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Mature Content: Adjust, accommodate, repeat…

Locations: Columns, Opinion Published

Martha Gallagher, MD, a retired anesthesiologist living in the Boston area, is an avid lifelong backpacker, hiker and wannabe skier. Over the years, she has plied the slopes of Aspen and Snowmass, walked the trails of the Maroon Bells-Snowmass Wilderness and visited with her close friend, Judie Blanchard of Carbondale.

My wake-up call these days is no longer an alarm clock, but most often a very full bladder. I gently roll out of bed. The mornings of leaping from bed are long behind me. As I stand, my creaky right knee voices its usual morning complaint, a reminder of an encounter with a slippery root on a trail a couple of years ago. My left shoulder, another reminder of past misadventures, moans in harmony with my knee. And an overall stiffness sets the scene for these actors on my personal stage.

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I trundle toward the bathroom, acknowledging the existence of these symptoms, but otherwise ignoring them. I know that soon, with a coffee, the stiffness and aches and pains will mostly be gone, and I will be able to get on with my day: household chores, reading, exercising, engaging with friends, taking or teaching courses at a local lifelong learning institute.

It may take two days, rather than the one it used to take, to clean the house. My exercising will involve lighter weights or fewer reps compared with what I handled a few years ago. And I will walk my miles briskly instead of running them. But I am grateful for and enjoy what I can do. I have accepted my current status and made accommodations for it.

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Acceptance (in human psychology): A person’s assent to the reality of a situation, recognizing a process or condition (often a negative or uncomfortable one) without attempting to change or protest it.

Accommodation (in human psychology): The process by which existing mental structures and behaviors are modified to adapt to new experiences or situations.

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Returning to our bedroom, I find my husband of over 50 years sitting on the edge of our bed. He is going through his own morning ritual before making his way to the bathroom. First, he mentally prepares himself to stand on feet that have suffered fallout from chemotherapy. Now standing, but before taking a step, he reaches for his cane, which both helps with his unpredictable balance and lowers the demand on a severely arthritic hip — a hip he refuses to have replaced because, “I’ve had enough of hospitals.” He, too, has had to accept and accommodate.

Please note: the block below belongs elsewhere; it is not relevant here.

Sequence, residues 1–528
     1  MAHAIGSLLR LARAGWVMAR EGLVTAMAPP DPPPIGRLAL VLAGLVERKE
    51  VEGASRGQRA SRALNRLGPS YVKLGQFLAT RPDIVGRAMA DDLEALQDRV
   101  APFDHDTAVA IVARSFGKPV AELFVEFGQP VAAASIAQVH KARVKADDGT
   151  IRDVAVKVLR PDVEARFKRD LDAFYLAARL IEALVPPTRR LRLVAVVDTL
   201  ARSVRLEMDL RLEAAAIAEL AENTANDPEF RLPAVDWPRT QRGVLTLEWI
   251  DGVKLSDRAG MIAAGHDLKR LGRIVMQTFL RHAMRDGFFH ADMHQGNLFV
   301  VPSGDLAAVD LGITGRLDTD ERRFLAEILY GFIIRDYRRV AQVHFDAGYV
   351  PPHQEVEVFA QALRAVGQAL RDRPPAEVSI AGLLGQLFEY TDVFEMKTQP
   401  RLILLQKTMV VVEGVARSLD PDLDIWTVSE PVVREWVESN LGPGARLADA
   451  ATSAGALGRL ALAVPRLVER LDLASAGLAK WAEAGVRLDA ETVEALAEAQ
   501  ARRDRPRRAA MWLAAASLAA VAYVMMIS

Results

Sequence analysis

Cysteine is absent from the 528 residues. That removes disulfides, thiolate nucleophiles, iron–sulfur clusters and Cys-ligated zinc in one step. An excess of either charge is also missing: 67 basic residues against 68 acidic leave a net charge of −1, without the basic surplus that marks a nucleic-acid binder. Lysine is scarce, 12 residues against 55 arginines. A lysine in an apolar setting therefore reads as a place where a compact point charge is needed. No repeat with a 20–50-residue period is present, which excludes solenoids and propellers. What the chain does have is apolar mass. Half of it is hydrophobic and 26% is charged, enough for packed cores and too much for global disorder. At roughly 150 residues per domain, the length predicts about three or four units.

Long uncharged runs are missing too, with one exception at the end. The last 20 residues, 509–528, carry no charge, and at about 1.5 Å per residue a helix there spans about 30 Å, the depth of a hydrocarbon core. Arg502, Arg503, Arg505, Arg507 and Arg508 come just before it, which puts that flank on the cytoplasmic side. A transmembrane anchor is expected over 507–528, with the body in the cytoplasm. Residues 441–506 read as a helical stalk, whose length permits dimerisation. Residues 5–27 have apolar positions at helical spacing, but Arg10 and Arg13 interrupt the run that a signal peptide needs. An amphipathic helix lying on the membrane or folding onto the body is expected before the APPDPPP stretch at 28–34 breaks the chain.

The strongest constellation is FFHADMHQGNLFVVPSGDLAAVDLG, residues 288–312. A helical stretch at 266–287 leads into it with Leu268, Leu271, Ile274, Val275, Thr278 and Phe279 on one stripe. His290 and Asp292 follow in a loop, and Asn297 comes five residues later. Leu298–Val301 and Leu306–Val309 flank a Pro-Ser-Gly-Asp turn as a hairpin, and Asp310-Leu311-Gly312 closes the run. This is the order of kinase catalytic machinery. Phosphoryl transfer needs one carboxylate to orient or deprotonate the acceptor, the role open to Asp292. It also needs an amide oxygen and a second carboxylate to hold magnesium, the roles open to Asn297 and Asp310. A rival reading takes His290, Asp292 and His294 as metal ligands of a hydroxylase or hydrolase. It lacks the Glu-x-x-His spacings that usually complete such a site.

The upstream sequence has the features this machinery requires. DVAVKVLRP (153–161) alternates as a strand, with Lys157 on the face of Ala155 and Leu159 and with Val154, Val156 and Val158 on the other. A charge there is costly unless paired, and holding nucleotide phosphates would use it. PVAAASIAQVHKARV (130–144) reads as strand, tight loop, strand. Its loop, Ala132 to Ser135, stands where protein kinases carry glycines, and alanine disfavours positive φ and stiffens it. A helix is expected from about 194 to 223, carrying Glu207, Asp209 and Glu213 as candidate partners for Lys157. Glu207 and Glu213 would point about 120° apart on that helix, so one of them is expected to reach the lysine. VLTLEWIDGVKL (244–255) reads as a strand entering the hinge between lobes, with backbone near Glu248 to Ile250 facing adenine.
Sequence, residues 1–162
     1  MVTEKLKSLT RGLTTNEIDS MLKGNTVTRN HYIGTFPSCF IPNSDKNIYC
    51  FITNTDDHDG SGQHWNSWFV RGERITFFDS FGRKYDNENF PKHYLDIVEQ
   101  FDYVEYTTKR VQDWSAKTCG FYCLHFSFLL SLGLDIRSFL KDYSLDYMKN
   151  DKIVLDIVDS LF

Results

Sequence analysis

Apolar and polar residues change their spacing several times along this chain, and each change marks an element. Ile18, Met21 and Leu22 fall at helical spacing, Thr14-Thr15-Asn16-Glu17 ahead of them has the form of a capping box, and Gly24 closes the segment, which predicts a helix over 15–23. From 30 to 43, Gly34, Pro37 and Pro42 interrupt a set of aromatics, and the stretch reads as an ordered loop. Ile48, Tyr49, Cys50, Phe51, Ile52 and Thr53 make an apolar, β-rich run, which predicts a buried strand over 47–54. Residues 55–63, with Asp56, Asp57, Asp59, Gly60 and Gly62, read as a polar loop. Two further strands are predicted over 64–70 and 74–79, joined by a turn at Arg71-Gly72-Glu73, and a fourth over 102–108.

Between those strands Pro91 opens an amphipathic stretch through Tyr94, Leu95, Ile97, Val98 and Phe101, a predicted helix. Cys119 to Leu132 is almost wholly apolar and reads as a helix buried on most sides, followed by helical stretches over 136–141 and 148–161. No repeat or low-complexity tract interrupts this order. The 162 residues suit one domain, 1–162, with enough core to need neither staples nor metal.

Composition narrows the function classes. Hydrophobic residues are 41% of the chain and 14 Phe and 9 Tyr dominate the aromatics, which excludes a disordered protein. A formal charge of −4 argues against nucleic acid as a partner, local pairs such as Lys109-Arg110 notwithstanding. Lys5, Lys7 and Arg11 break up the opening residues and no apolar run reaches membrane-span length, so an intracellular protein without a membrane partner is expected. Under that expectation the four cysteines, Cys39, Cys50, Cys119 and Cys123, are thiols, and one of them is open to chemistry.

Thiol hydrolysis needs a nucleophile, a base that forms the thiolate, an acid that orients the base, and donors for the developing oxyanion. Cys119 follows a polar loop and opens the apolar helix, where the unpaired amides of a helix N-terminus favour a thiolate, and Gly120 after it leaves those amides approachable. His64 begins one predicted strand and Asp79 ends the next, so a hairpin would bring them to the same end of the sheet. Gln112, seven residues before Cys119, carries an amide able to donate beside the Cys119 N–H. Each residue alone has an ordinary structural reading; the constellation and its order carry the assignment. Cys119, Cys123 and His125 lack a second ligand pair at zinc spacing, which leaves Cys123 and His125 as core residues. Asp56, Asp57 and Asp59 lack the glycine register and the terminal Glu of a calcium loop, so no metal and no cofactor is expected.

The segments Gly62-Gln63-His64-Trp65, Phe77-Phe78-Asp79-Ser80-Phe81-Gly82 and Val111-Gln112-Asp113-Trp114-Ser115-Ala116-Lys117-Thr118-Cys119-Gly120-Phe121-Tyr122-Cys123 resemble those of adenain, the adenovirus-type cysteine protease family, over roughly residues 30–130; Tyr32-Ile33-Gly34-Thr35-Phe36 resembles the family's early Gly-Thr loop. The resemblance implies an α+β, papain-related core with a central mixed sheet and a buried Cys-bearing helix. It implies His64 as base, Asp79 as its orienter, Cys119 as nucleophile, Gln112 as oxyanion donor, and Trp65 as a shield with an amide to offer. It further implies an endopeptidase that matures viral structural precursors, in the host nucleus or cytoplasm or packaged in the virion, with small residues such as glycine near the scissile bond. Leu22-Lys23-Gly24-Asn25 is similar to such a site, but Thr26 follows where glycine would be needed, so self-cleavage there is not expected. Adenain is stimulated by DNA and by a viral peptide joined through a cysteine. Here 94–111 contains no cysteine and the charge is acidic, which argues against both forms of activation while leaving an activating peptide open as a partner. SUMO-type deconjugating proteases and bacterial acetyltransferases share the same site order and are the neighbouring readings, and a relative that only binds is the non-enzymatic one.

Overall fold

The attributes of acceptance and accommodation do not magically appear and are not only important in the later years of living. Our then six-year-old son’s reluctant acknowledgement that he understood he wasn’t allowed to ride a monster roller coaster because of his height was, at the time, an example of acceptance. His verbal comeback, “but can we ride that one and the one over there?” demonstrated accommodation. Achieving the ability to accept and accommodate is a process — often a challenging one. It occurs in fits and starts, often without our awareness or conscious effort, and is molded by time and the external and internal experiences of living. Ultimately, achieving the ability to incorporate these attributes into our lives enables us to live more fully and meaningfully.

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Acceptance and accommodation are not only applicable to and essential for successful living at an individual level. Families, organizations, countries, societies and cultures all struggle with and attempt to apply, through a variety of processes, these powerful adaptive responses we have evolved. If nothing else, the past few years have demonstrated what can happen in a society when its collective members neither have the will nor have found the way to apply on a larger scale these fundamental tools.

I don’t get out of bed thinking profound thoughts about the psychology, sociology and politics of our times. In fact, such mornings are very rare. Most days, my first thoughts are focused on emptying my aging bladder. But, when these less prosaic musings surface, I marvel that the incredibly mundane activity of getting out of bed can provide an example of what people are capable of. And I wonder why we humans so often have such difficulty extending to others the acceptance and accommodations that we so naturally extend to ourselves.

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Mature Content is a monthly feature from the Carbondale AARP Age-Friendly Community Initiative

Tags: #aging #CAFCI #Martha Gallagher #Senior Matters
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